iRobot pushes robots into new territory

A new breed of UGVs will provide direct support for combat missions in Afghanistan

The war in Iraq drove rapid acquisition of unmanned ground vehicles (UGVs), primarily to deal with the threat of improvised explosive devices. But the shift of operations from Iraq to Afghanistan is driving a shift in the demands on robots, said retired Navy Vice Adm. Joseph Dyer, president of the Government and Industrial Robots Division at iRobot.

“Iraq was and is an urban battle, and Afghanistan is an infantryman's battle,” Dyer said. “The difference is one of driving to work and hiking to work. So there's a tremendous need-shift to lighter and more single-man transportable robots.”

The demand for UGVs originated in the realm of explosive ordnance disposal (EOD), Dyer said. But that role is changing. “What you're seeing coming out of the Future Combat Systems experimentation and route clearance and other initiatives is robots coming into what we call the big army, coming into the infantry,” Dyer said. As a result, ground robots are moving beyond their roles in bomb disposal and into more direct combat support missions.

The small UGV iRobot developed under the FCS program reduced the weight of a portable robot from 60 pounds to 30 pounds, Dyer said. Now that the Defense Department is restructuring FCS, those robots will be widely distributed across the Army’s brigade combat teams as part of Spinout 1.

But weight reduction isn’t the only way robots are evolving to meet the demands of broader military missions. Warrior is one example of a multifunction robot that will soon find its way into EOD, reconnaissance and troop-support roles. It is a 300-pound robot now in trials and expected to be in full production later this year.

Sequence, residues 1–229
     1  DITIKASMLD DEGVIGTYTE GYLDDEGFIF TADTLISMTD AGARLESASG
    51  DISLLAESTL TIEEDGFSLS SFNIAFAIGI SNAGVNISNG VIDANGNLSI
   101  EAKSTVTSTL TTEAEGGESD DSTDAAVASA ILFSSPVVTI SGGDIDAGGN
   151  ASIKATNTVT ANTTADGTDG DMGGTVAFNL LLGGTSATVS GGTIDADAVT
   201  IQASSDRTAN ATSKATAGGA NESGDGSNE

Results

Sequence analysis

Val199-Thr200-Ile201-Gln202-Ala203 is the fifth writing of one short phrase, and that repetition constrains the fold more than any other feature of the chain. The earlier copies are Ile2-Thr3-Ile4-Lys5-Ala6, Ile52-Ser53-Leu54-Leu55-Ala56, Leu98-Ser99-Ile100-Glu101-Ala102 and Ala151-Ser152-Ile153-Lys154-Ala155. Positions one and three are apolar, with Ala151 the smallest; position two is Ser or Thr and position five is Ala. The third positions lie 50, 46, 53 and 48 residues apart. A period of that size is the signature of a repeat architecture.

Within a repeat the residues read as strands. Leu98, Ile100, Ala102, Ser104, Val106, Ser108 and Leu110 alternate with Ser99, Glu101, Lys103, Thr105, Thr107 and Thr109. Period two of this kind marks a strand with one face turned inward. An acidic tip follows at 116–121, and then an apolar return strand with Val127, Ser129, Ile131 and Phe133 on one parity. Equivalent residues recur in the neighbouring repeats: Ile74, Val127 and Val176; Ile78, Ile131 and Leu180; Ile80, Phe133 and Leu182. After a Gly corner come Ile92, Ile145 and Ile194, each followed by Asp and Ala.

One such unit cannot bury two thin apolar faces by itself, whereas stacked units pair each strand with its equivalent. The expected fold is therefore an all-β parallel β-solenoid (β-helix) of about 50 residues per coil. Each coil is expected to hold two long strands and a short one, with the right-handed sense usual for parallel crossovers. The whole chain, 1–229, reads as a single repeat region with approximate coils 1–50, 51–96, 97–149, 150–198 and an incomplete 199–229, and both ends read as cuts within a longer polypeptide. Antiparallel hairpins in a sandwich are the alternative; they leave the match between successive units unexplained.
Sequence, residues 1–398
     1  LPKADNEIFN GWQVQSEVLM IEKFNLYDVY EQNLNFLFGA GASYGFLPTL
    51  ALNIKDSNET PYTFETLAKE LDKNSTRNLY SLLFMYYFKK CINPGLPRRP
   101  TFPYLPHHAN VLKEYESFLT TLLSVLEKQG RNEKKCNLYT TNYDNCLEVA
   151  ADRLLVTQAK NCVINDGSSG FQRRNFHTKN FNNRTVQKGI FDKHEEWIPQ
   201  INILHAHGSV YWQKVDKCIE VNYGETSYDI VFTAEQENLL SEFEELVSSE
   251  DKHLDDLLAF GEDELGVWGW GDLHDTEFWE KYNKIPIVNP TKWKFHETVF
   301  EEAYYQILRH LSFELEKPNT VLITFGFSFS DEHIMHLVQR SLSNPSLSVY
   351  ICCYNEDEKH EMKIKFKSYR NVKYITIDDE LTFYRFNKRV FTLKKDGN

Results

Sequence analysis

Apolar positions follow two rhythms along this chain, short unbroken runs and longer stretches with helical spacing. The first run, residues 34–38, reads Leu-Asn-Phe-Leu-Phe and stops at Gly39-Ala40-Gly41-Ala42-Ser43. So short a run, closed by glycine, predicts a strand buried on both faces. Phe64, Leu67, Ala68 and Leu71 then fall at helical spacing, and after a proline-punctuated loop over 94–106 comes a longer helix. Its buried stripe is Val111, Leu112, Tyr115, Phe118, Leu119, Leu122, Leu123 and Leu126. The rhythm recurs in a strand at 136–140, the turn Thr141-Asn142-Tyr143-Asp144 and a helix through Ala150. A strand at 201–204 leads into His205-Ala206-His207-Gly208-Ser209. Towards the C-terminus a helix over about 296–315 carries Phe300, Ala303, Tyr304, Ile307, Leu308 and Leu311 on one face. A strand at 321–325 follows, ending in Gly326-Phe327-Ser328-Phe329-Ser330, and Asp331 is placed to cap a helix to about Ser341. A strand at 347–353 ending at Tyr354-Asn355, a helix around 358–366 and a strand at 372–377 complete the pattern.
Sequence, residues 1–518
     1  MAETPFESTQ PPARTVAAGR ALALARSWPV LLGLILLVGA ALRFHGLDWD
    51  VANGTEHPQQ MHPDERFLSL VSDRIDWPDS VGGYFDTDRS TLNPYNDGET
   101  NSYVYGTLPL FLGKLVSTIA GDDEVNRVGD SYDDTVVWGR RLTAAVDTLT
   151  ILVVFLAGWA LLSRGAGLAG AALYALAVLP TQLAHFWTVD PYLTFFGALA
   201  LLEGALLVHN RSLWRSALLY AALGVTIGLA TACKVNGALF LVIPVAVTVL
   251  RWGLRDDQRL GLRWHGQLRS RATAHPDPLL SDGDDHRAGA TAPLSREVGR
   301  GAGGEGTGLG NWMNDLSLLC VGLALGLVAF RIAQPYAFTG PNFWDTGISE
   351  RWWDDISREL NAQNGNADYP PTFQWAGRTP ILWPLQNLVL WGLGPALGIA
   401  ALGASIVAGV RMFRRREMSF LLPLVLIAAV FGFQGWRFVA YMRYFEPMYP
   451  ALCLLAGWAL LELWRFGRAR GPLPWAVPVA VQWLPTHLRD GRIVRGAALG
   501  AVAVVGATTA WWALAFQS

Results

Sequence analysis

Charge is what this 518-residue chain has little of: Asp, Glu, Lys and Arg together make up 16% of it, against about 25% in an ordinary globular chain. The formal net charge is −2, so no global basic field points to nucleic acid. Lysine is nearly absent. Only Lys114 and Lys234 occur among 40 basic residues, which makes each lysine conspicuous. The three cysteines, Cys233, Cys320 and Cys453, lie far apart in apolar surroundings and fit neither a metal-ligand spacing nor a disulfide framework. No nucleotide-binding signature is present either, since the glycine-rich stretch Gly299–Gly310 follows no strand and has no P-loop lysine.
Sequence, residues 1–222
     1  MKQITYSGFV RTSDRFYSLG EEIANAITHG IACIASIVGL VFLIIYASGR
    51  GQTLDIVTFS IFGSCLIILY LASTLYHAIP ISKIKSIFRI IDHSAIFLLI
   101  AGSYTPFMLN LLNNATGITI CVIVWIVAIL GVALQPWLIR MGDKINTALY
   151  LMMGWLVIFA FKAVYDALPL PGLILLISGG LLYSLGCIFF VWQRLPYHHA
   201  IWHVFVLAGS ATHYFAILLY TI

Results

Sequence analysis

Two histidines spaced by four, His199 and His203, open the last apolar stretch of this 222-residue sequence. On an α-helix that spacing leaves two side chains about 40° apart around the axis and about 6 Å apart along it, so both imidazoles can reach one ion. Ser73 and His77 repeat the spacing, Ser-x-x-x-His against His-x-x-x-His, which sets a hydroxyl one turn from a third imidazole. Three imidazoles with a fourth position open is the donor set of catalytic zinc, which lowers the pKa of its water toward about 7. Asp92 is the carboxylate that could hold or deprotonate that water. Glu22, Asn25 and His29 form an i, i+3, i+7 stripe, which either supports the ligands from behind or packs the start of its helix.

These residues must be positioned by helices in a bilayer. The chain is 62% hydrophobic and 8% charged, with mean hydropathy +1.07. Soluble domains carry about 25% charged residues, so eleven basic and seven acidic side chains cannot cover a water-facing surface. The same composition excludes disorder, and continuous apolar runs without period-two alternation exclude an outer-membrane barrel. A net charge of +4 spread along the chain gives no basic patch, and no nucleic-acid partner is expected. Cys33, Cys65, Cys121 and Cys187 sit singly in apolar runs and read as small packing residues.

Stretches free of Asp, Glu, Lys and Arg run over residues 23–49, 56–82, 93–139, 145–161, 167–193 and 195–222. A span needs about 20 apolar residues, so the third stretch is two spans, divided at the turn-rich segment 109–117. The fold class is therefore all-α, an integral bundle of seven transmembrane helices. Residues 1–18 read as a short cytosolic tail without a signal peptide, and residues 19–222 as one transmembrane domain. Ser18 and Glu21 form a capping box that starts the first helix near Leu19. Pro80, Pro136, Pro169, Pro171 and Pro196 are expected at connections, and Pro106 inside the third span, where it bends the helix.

“It twice now has participated in the Marine Corps Cobra Gold exercise in Thailand,” Dyer said. “The robot is capable of carrying a 150-pound payload over rough terrain. It can run faster than a soldier and can do it for 20 miles, so we look at that robot as important in DOD, certainly in replacing some older, obsolete, slow robots.”

On the smaller side, iRobot is developing throwbots — small robots that warfighters can toss into an area to carry out a support mission. One of them is LANdroid, which the company is developing under a contract with the Defense Advanced Research Projects Agency.

“The LANdroid robot is really part of the DARPA program to develop a mobile ad hoc network,” Dyer said. “This is a robot that can move with the troops, that has an expendable price point, and that solves the problem of network communications inside buildings, in tunnels, sewer systems and places where line of sight is denied. So we look at that robot platform as having many uses, both with first responders and with DOD.”

In the near term, robots will begin requiring less direct handling by warfighters to perform their missions in the field. “In the 18-month to three-year time frame, you’ll see an awful lot of things happening harnessing the work out of government laboratories like [the Army’s Tank-Automotive Research, Development and Engineering Center and the Army Research Laboratory] and out of companies like iRobot, which will really start to introduce much smarter robots,” Dyer said.

The next generation of robots will need less direct control from operators. EOD robots require precise and direct control, but “the infantry mission requires that you free the operator…because he's got other things to do and can't dedicate as much time to being kept down as was the case with EOD operators,” he said.

In the future, Dyer said he sees robots gaining greater mobility and being able to get into even more spaces where people can’t — and shouldn’t — go.

“We're working [on] robots that can change shape; that can use very new, very innovative methods of locomotion; change shape to travel under a door; to be made out of squishy materials rather than out of metals,” he said. “We're also working [on] the advanced levels simultaneous to localization and mapping.”

Using navigational technologies such as optic flow, which allows robots to visually navigate through confined spaces, and flash light detection and ranging, which laboratories are now testing, robots will be able to navigate and map spaces without direct operator control.

About the Author

Sean Gallagher is senior contributing editor for Defense Systems.

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